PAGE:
We have spent some time considering one day of the Lord’s Passion Week. Most of this day was spent in Arguments with Jewish religious leaders in the Temple precincts (11:27-12:40) and Answers to His disciples on the Mount of Olives (13:1-37). However, Mark and Luke both record an incident which occurred before the Lord left the temple (13:1) and sat upon the Mount of Olives (13:3).
The interaction between the Lord and the religious leadership in Jerusalem had ended with the Lord’s severe rebuke of the scribes. He pointed out that, among other things, they “devour widows’ houses” (12:40). These charlatans used their religious authority to defraud the most vulnerable members of society.
Turning from the religious hypocrisy of the nation (exemplified in their leaders), the Lord focused the disciples’ attention on an individual who showed true personal piety. This was a widow who was not being defrauded but was willingly and sacrificially giving “all that she had, even all her living” to God (12:44).
The Lord Was Watching (12:41-42)
He “sat over against the treasury, and beheld how the people cast money into the treasury” (v41). In the court of the women were thirteen trumpet-shaped boxes for the reception of the offerings made by worshippers. The Lord Jesus sat opposite these and could see all those who put coins into the boxes. He was a silent observer to each offering.
Many who were wealthy threw large amounts of money into the treasury. For such the Lord had no rebuke. However, as He continued to watch, “there came a certain poor widow, and she threw in two mites, which make a farthing” (v42). The word used for “poor” refers to someone in abject poverty. It comes from a word meaning to crouch or cringe as a beggar. Thus, this widow was completely destitute, a pauper.
The Lord, watching, saw what all could see: the wealthy gave much, while the widow gave about two percent of a labourer’s daily wage, a very small amount indeed.
The Lord Was Weighing (12:43-44)
At this point the Lord called His disciples to Himself to give them a lesson. He said, “Verily I say unto you … this poor widow hath cast more in, than all they which have cast into the treasury” (v43).
The divine assessment contrasted with what could be seen, for the perfect Servant would not “judge after the sight of his eyes” (Isa 11:3). While the widow had evidently thrown fewer coins into the treasury than the wealthy, she had actually “cast more in, than all they which have cast into the treasury.” In the Lord’s estimation her gift was worth more than all their gifts combined.
Having revealed His evaluation of her gift (v43), the Lord gave an explanation of how that evaluation was reached. “For all they did cast in of their abundance; but she of her want did cast in all that she had, even all her living” (v44).
The wealthy gave out of their abundance. They were never in need; they had abundant resources and, from those resources, they poured great amounts of money into the treasury. She was in desperate need. What little she had was essential to her survival. But she had come to worship and, in her devotion, she did not give a mere percentage of what she had – she gave it all. In giving two mites to the Lord, she gave what she had to keep body and soul together. Her action expressed both her love for God and her trust in Him. She was certainly a “widow indeed, and desolate” who “trusteth in God, and continueth in supplications and prayers night and day” (1Ti 5:5). She had given all.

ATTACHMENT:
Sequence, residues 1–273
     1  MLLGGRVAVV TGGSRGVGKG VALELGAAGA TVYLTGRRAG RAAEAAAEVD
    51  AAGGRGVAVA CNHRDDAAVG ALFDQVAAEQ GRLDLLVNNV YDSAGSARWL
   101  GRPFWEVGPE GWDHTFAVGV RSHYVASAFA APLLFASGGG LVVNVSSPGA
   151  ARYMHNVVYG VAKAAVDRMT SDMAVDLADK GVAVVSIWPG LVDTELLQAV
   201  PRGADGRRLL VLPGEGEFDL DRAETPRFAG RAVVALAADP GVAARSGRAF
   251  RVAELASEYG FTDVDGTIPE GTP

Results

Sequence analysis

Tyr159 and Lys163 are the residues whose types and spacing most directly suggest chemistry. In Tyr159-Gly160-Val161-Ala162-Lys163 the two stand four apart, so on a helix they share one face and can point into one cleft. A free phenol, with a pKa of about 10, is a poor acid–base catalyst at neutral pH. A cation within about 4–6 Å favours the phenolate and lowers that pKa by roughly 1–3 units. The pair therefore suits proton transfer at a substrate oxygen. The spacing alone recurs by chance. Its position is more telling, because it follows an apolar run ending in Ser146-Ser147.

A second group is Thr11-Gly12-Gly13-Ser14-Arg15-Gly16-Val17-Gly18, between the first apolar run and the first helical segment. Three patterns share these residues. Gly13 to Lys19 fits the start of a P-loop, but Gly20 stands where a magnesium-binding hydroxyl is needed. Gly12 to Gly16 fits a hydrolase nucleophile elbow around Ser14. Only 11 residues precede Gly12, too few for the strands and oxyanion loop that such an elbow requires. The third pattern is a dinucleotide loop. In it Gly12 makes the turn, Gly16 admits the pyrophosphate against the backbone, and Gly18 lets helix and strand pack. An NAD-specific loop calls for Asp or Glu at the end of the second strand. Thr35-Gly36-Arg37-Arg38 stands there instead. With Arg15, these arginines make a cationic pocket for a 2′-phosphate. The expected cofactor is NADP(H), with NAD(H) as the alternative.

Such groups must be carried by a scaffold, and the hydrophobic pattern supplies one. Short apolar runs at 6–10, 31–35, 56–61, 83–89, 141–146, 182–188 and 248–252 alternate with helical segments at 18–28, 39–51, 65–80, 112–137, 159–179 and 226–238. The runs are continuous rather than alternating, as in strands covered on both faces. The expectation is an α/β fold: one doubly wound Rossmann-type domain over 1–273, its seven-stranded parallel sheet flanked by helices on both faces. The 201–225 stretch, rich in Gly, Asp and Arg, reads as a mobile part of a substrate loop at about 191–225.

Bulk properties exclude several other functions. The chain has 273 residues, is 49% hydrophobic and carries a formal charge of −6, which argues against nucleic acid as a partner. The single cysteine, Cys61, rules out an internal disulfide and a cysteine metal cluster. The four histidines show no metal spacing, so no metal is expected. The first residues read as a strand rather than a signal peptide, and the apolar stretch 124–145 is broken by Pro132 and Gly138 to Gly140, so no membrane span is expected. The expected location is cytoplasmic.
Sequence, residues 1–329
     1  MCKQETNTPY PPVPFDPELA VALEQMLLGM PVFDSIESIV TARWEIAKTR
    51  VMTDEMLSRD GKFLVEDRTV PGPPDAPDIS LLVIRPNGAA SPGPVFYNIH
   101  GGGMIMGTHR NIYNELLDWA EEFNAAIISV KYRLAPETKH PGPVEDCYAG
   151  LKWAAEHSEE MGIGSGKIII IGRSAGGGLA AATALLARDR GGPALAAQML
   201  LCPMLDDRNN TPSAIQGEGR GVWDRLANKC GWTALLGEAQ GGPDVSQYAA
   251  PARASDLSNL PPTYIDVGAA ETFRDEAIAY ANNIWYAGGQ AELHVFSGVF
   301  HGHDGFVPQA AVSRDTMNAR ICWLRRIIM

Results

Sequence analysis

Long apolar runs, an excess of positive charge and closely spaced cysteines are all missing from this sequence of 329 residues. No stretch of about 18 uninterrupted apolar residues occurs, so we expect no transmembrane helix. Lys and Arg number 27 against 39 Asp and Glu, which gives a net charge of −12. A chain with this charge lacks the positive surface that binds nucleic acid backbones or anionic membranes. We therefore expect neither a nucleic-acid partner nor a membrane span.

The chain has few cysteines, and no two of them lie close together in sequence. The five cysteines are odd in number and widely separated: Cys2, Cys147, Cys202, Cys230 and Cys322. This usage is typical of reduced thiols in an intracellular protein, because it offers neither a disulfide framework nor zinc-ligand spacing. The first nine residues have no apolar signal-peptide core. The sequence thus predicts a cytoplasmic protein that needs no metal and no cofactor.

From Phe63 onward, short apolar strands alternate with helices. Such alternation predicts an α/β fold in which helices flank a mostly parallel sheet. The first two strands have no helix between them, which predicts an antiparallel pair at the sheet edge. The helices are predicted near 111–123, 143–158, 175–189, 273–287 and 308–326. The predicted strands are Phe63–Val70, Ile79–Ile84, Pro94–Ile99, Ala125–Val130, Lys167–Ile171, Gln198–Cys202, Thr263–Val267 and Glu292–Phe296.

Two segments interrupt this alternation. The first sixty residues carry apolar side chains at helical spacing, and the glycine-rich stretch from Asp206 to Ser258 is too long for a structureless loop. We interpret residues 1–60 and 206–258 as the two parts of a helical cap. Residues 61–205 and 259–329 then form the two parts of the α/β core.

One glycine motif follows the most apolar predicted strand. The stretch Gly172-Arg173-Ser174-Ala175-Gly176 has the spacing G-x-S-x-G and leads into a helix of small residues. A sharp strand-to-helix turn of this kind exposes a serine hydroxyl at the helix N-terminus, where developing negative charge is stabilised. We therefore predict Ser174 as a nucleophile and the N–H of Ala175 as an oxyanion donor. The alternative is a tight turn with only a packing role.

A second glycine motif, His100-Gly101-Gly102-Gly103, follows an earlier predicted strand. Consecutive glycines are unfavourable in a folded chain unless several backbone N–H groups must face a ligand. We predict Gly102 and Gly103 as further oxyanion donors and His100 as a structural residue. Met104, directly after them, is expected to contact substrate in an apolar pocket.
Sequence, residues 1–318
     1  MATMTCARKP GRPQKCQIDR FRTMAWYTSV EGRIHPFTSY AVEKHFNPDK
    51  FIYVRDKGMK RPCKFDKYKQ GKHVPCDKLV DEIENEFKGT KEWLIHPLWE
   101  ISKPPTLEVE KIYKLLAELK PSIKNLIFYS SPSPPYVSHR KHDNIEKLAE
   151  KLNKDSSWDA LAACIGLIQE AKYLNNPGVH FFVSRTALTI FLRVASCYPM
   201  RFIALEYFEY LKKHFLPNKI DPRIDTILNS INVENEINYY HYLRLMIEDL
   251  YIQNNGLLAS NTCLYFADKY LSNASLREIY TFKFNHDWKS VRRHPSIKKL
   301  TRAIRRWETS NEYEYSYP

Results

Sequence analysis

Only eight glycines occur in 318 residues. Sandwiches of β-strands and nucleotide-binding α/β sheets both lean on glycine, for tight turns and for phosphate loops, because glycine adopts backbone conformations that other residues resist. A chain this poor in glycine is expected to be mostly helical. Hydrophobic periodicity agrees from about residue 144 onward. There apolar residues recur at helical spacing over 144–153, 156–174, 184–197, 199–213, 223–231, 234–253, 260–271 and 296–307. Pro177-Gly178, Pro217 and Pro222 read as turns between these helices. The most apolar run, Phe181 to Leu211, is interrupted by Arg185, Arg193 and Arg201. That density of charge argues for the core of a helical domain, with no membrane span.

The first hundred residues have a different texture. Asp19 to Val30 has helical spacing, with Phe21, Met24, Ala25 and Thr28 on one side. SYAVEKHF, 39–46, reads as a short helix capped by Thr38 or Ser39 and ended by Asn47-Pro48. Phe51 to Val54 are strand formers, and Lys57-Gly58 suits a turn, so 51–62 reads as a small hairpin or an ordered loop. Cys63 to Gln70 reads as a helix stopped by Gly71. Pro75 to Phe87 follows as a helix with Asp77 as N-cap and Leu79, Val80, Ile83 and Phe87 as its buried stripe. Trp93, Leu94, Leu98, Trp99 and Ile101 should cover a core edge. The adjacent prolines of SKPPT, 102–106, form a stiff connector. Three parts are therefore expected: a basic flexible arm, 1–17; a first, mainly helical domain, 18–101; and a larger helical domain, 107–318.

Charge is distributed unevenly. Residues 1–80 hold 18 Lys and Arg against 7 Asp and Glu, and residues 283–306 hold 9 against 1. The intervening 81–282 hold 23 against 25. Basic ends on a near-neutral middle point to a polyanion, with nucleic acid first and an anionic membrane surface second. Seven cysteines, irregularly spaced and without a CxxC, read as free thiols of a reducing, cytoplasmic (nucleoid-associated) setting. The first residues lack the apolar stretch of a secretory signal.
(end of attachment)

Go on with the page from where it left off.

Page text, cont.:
Mark is the Gospel in which true service is assessed by the spirit of the cross. Service and sacrifice go hand in hand. This unnamed widow wonderfully exhibited the character of the One whose heart would be most clearly revealed at Calvary. “For ye know the grace of our Lord Jesus Christ, that, though he was rich, yet for your sakes he became poor, that ye through his poverty might be rich” (2Co 8:9). To the Lord Jesus, her wholehearted devotion meant much more than the monetary value of her gift. As someone has said, her two copper coins were “entirely of gold in the eyes of the Lord.”
There is, clearly, in the mind of the Lord Jesus, a world of difference between widows being cruelly extorted by religious charlatans (Mar 12:40) and the voluntary, self-sacrificial, devoted offering of this widow who, moved by some deep heartfelt appreciation, gave all that she had to God (v44).
It is always good to remind ourselves that the Lord’s assessment rarely aligns with the world’s thinking. He is far more interested in our motive for giving than the amount we give. Paul would later write that “each one must give as he has decided in his heart, not reluctantly or under compulsion, for God loves a cheerful giver” (2Co 9:7 ESV). To Him, there is nothing more important than that our sacrifices spring from wholehearted devotion to Him. If He has our heart, we will be eager to place all that we are and have into His hand. He is truly “worthy … to receive power, and riches, and wisdom, and strength, and honour, and glory, and blessing” (Rev 5:12).
Take my life, and let it be
Consecrated, Lord, to Thee;
Take my moments and my days,
Let them flow with ceaseless praise.
Take my silver and my gold,
Not a mite would I withhold;
Take my intellect, and use
Every power as Thou shalt choose.
Take my love; my Lord, I pour
At Thy feet its treasure-store:
Take myself, and I will be
Ever, only, all for Thee.
 Bible quotations in this article are from the KJV unless otherwise noted.
 Francis R. Havergal (1836–1879)